Tax cuts fueling the market melt-up, but signs show stocks are way ‘overbought’


How much more can we pack on to the markets? That’s the question the trading community is asking Thursday as we hit new highs in the S&P 500 for the sixth straight day … the longest streak of record closes since 1997.

Here’s the witch’s brew that has been powering stocks forward:

  1. Tax cuts: Tax reform prospects were the main driver of the market today, giving stocks extra room to run. Markets moved up late in the morning, when the House passed a budget resolution, which is the first step toward tax reform.
  2. Stronger economic numbers, including the September ISM Manufacturing Index (highest in 13 years) and Services (highest since 2005).
  3. The reflation trade, characterized by global economic expansion and higher yields.
  4. Sector rotation. In the past several weeks, small caps have outperformed, and value (banks, energy) have ticked up. Both were underperforming for a good part of the year.

As these elements have combined, the rally has become broader and more powerful. Thursday, the entire market was up: large caps, mid caps, small caps. Value as well as growth. High beta and low volatility. Only transports lagged. The one missing element is volume.

The main risks to the market are well known: North Korea, the appointment of a more hawkish Federal Reserve Chair (Kevin Warsh, etc.) and tax cuts failing.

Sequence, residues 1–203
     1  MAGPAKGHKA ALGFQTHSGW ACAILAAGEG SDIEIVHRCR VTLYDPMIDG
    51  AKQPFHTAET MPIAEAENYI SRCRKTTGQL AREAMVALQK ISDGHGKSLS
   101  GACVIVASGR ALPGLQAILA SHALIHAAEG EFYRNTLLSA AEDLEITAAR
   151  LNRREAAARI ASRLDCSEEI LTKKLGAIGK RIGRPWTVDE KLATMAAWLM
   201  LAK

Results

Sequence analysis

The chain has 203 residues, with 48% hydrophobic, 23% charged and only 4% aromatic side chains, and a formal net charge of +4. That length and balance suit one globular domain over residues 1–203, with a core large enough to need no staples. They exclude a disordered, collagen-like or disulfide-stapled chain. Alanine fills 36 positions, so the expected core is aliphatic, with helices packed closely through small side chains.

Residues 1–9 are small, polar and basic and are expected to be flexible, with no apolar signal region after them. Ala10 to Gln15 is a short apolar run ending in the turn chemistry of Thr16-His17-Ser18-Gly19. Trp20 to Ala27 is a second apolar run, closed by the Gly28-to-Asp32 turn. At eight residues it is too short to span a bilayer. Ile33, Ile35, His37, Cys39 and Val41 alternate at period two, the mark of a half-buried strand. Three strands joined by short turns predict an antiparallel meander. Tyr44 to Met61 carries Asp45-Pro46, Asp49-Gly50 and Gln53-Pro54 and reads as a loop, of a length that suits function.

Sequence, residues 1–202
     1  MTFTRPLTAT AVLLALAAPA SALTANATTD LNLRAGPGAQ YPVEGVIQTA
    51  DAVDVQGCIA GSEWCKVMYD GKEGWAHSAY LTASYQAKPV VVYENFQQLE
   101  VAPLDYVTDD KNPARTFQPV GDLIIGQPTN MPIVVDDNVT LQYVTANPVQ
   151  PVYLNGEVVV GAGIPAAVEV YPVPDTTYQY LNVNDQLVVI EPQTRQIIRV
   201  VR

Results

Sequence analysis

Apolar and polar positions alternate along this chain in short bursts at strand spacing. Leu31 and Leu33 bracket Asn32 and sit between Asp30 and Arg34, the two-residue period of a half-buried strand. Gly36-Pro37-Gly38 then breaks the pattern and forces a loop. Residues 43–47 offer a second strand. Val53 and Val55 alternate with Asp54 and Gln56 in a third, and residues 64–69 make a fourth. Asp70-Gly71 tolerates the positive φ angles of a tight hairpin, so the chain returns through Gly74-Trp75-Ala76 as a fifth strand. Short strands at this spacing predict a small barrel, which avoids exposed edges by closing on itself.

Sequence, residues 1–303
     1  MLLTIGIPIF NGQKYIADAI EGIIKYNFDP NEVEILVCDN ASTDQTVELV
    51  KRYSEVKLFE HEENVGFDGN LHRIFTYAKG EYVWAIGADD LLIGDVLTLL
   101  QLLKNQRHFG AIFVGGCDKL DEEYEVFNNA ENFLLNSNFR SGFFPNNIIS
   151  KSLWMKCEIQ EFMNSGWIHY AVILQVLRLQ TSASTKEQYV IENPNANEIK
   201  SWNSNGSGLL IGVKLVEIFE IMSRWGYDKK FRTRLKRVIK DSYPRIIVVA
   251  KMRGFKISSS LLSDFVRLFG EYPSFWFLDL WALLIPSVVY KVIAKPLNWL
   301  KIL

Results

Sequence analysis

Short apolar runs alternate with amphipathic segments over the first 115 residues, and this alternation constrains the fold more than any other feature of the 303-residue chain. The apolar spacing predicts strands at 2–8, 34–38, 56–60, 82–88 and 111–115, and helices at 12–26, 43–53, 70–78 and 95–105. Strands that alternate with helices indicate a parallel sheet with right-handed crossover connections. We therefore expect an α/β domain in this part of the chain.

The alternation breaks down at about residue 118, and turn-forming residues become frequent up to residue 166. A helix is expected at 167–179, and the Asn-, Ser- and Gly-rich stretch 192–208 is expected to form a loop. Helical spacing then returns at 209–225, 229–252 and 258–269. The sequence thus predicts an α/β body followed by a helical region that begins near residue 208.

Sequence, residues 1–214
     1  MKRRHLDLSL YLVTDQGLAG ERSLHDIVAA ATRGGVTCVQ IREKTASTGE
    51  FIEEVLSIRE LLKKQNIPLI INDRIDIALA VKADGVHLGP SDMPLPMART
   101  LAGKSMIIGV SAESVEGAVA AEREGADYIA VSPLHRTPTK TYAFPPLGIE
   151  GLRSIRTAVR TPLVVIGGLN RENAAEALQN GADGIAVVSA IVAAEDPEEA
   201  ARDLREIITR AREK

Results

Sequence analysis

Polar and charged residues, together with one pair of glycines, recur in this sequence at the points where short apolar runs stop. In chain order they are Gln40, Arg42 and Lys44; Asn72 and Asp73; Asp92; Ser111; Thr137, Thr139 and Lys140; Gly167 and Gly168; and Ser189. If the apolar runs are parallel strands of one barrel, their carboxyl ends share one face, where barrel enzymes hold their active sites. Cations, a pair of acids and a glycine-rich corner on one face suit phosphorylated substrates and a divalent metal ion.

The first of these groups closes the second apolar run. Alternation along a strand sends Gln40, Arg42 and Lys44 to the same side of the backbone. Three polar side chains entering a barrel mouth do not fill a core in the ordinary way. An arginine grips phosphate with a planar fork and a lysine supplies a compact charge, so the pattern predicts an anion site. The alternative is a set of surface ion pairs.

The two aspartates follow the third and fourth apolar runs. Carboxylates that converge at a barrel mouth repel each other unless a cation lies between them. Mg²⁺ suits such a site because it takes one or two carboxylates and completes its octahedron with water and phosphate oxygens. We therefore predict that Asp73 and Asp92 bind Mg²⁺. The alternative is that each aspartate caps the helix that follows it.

But for the moment, the market is not afraid of any of these issues.

Regardless, what’s clear is stocks are very overbought. How overbought? The relative strength indicator (RSI), a widely watched momentum indicator of stock movements in the last several weeks, has the Russell 2000, industrials, financials and energy sectors all with an RSI over 90. That is WAY overbought. Readings below 40 are considered oversold, anything over 70 is overbought, and over 90? Well, you are in rare territory, and it indicates the market will likely slow down.

There are other gnawing worries, like, is the reflation trade a head fake? It happened earlier this year, when the markets moved down to sideways for several months, unsure which way growth was heading. It could happen again if global growth metrics falter.

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